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MySQL 5.6 Reference Manual  /  ...  /  Stored Routine Syntax

20.2.1 Stored Routine Syntax

A stored routine is either a procedure or a function. Stored routines are created with the CREATE PROCEDURE and CREATE FUNCTION statements (see Section 13.1.15, “CREATE PROCEDURE and CREATE FUNCTION Syntax”). A procedure is invoked using a CALL statement (see Section 13.2.1, “CALL Syntax”), and can only pass back values using output variables. A function can be called from inside a statement just like any other function (that is, by invoking the function's name), and can return a scalar value. The body of a stored routine can use compound statements (see Section 13.6, “Compound-Statement Syntax”).

Stored routines can be dropped with the DROP PROCEDURE and DROP FUNCTION statements (see Section 13.1.26, “DROP PROCEDURE and DROP FUNCTION Syntax”), and altered with the ALTER PROCEDURE and ALTER FUNCTION statements (see Section 13.1.5, “ALTER PROCEDURE Syntax”).

A stored procedure or function is associated with a particular database. This has several implications:

  • When the routine is invoked, an implicit USE db_name is performed (and undone when the routine terminates). USE statements within stored routines are not permitted.

  • You can qualify routine names with the database name. This can be used to refer to a routine that is not in the current database. For example, to invoke a stored procedure p or function f that is associated with the test database, you can say CALL test.p() or test.f().

  • When a database is dropped, all stored routines associated with it are dropped as well.

Stored functions cannot be recursive.

Recursion in stored procedures is permitted but disabled by default. To enable recursion, set the max_sp_recursion_depth server system variable to a value greater than zero. Stored procedure recursion increases the demand on thread stack space. If you increase the value of max_sp_recursion_depth, it may be necessary to increase thread stack size by increasing the value of thread_stack at server startup. See Section 5.1.7, “Server System Variables”, for more information.

MySQL supports a very useful extension that enables the use of regular SELECT statements (that is, without using cursors or local variables) inside a stored procedure. The result set of such a query is simply sent directly to the client. Multiple SELECT statements generate multiple result sets, so the client must use a MySQL client library that supports multiple result sets. This means the client must use a client library from a version of MySQL at least as recent as 4.1. The client should also specify the CLIENT_MULTI_RESULTS option when it connects. For C programs, this can be done with the mysql_real_connect() C API function. See Section, “mysql_real_connect()”, and Section 23.8.16, “C API Multiple Statement Execution Support”.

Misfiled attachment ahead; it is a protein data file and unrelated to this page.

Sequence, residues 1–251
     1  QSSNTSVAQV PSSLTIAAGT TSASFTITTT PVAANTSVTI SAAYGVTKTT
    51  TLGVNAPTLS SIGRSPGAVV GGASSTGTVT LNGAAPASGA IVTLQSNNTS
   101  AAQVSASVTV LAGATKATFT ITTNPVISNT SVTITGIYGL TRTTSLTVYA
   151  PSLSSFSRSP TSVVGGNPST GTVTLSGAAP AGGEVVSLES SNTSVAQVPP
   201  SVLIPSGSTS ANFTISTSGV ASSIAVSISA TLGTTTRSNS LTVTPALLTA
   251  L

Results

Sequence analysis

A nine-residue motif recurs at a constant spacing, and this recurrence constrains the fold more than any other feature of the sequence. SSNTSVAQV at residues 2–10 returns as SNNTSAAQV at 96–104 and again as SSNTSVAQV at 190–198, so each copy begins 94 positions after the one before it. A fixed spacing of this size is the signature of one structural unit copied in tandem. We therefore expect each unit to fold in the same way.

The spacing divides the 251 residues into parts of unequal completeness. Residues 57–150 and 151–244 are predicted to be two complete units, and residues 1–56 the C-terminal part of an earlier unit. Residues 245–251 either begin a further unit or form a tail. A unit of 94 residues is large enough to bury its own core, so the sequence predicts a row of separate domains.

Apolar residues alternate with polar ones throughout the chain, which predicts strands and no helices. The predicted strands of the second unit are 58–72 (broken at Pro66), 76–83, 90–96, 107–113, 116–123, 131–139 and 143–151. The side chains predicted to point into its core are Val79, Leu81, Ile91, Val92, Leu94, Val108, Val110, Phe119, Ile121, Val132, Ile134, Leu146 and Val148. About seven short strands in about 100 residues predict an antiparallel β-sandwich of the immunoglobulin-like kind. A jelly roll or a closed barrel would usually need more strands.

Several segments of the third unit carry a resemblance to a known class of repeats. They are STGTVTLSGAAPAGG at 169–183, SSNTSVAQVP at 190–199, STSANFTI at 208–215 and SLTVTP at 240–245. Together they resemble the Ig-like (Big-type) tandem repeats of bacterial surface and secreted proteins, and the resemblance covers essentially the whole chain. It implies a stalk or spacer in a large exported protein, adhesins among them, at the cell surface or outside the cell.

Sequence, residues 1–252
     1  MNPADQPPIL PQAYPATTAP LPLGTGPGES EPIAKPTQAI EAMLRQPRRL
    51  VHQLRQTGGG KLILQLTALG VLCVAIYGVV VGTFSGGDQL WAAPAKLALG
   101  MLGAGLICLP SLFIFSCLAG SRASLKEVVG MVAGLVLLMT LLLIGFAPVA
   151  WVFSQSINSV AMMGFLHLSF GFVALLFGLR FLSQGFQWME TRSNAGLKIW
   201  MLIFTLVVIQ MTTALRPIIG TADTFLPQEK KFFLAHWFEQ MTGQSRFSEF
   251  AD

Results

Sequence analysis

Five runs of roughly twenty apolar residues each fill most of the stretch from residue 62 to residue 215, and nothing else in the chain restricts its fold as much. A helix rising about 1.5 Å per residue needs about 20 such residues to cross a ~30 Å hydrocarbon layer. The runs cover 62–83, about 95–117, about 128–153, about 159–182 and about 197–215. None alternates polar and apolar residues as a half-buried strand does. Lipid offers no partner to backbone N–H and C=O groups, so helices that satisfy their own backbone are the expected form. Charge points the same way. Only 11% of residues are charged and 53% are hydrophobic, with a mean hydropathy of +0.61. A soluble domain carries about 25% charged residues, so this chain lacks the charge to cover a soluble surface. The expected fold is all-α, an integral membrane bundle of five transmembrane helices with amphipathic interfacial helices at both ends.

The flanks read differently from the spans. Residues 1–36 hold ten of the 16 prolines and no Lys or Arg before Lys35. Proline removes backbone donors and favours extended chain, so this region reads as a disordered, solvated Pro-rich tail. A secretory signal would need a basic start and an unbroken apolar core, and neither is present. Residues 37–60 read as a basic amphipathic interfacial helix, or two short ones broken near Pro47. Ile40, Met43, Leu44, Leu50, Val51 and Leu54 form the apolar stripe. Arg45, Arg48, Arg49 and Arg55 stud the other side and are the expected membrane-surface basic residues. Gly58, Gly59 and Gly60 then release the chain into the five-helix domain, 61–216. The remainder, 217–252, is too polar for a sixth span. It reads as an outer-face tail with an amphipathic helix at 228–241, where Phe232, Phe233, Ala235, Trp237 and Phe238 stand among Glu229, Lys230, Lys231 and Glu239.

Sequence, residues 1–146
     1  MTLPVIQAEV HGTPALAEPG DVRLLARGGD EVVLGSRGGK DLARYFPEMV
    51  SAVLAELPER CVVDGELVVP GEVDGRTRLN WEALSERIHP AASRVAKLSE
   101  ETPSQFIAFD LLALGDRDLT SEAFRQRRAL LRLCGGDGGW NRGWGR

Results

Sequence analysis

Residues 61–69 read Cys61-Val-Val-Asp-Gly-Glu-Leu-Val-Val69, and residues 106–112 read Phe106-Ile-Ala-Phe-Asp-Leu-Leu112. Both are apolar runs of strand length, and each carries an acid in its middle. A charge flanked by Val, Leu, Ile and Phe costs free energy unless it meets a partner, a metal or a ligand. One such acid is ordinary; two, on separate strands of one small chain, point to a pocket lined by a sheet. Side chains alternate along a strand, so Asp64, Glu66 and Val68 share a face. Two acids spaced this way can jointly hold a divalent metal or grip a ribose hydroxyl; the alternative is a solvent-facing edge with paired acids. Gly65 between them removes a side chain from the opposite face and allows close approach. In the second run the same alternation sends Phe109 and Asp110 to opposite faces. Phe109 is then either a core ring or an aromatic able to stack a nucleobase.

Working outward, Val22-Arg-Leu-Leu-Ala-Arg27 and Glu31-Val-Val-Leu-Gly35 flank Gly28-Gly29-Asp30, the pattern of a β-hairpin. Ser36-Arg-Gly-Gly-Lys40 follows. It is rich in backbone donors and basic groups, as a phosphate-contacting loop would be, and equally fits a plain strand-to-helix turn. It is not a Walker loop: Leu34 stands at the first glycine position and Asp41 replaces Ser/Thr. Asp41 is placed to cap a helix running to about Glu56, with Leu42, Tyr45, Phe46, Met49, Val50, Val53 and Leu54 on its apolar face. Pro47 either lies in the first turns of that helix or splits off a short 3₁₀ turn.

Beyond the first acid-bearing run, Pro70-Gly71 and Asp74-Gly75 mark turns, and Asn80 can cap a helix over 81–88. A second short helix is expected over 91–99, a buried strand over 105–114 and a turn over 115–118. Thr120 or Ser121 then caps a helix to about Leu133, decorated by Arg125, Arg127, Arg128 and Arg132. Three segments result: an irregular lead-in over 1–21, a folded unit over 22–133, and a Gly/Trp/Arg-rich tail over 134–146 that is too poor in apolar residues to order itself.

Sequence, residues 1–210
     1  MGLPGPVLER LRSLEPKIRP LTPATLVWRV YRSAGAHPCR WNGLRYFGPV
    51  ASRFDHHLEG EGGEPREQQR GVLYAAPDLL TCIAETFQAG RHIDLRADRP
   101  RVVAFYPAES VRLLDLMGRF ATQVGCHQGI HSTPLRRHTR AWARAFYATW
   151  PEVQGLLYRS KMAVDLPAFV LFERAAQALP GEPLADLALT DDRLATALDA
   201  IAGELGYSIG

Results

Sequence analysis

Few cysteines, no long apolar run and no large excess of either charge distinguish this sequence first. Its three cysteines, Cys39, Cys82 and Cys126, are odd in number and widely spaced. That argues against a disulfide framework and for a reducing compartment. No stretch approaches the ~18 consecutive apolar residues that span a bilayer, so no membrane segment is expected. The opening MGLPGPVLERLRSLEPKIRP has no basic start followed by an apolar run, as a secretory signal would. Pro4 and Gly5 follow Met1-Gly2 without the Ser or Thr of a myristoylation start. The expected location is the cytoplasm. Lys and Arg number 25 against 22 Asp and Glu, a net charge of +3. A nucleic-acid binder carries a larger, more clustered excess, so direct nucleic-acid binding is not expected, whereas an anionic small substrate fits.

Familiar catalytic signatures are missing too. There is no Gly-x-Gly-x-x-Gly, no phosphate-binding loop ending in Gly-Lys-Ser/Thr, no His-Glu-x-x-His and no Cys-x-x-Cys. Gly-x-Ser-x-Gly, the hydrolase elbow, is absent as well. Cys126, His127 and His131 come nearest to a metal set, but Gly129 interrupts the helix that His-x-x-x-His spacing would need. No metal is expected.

User Comments
User comments in this section are, as the name implies, provided by MySQL users. The MySQL documentation team is not responsible for, nor do they endorse, any of the information provided here.
  Posted by Graham Wideman on July 7, 2014
Functions and Procedures clarification

An alternative summary of functions versus procedures:

Inputs: Takes a list of arguments, all are inputs.
Could also get input from running a query?

Outputs: Produces a single return value -- see RETURN clause. Can be any valid MySQL data type.

(Can that return value be a result set? Other docs say that "functions cannot return a result set", but this probably means "cannot return a result set direct to the client", which is something _procedures_ can do. So far as I can tell, functions cannot return a cursor, which would be a related concept.)

Calling method: Can be used where a built-in function like ABS() might be used, such as in an assignment, expression, or where a field value is expected.

Inputs: Takes a list of arguments. Procedure definition specifies whether these arguments are for input and/or output, via IN, OUT or INOUT.

Could also get input from running a query.

Outputs: Unlike a Function, does not produce a return value per se. However, can send values back to caller via OUT or INOUT arguments.

Also, procedures can contain a bare SELECT statement, which sends a result set to the client. A procedure can contain multiple such SELECT statements, if other details enable the client to receive multiple result sets.

Calling method: Caller uses CALL statement.

Syntax within Functions and Procedures
The current doc page does mention "the body of a stored routine can use compound statements" . Here "compound statement" encompasses all the syntax you might expect relating to procedural programming, like variables, assignments, flow control and so forth.